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Harbour Air commits to buying 50 electric engines for seaplane fleet


Harbour Air is travelling towards a more sustainable future, looking to electrify its fleet of 45 aircraft.

The process began when one of the company's De Havilland Beaver aircraft took flight five years ago on an electric engine.

“We had our first maiden flight back in 2019,” said Jessica Dunn, head of marketing and public affairs with Harbour Air.

That plane, retrofitted to be 100 per cent electric, flew 72 kilometres from Richmond, B.C., to Victoria. The engine in the plane was produced by MagniX, an electric powertrain company based in Washington state.

“We have continued to work together in partnership and we’ve had 78 successful test flights,” said Dunn.

Harbour Air hopes to have that plane commercially certified by 2026.

Now the company has taken a huge next step in its electrification plan, signing a letter of intent to purchase 50 engines from MagniX. The plan is to begin to convert its 12 remaining Beaver aircraft starting in 2027.

Then the company will move on to the rest of the fleet. “Ultimately our big vision is to develop a sustainability aviation hub on the West Coast,” said Dunn.

The goal is to electrify third-party planes, whether for competing companies or private owners.

“Zero-emission obviously is the biggest driver in all of this,” said Riona Armesmith, chief technology officer at MagniX.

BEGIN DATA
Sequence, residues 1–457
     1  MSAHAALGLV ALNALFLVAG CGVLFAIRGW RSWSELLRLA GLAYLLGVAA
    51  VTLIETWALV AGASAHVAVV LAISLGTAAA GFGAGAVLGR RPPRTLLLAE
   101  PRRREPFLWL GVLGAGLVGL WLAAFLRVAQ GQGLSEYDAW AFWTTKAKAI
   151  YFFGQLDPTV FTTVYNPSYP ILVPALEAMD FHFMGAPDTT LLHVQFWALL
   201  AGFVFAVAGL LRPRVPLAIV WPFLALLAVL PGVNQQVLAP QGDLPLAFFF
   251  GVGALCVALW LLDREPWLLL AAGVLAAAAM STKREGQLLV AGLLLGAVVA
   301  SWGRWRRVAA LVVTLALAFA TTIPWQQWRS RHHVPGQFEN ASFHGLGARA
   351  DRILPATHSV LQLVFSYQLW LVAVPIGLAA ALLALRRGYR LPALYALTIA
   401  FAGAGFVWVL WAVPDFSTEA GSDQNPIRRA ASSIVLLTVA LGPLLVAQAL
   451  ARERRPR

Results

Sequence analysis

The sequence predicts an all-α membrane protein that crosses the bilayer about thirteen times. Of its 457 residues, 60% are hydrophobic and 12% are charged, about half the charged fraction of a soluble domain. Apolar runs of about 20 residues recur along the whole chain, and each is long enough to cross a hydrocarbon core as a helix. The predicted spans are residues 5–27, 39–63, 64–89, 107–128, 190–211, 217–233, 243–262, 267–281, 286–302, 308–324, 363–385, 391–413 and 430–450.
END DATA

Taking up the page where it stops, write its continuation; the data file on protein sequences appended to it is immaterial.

Armesmith says MagniX has outfitted a variety of different types of aircraft with electric engines since 2019, proving that a zero-emission aviation industry is not only achievable, but just around the corner.

“It’s not only technically viable but also commercially viable and it’s just been a great partnership,” said Armesmith.

Harbour Air is commonly known as a transportation company, moving people from point A to point B. The company says it’s more diversified than that.

“We have other parts of our business which is Harbour Air Aerospace,” said Dunn.

That division maintains not only Harbour Air’s planes but those of third parties as well.

The creation of the hub will mean Harbour Air Aerospace will be expanding its cope of services.

“I think there’s still some challenges within the industry,” said Dunn.

A labour shortage is potentially slowing down the industry's sustainable transition. Harbour Air says over the past two years, 17,000 aviation maintenance engineers have retired from the industry in Canada and schools are only graduating roughly 300 per year.

“If we can really close that gap, I think that will help us push forward faster,” said Dunn, transitioning not only Harbour Air’s fleet but an entire aviation industry in the Pacific Northwest, towards a greener and more sustainable future. Top Stories

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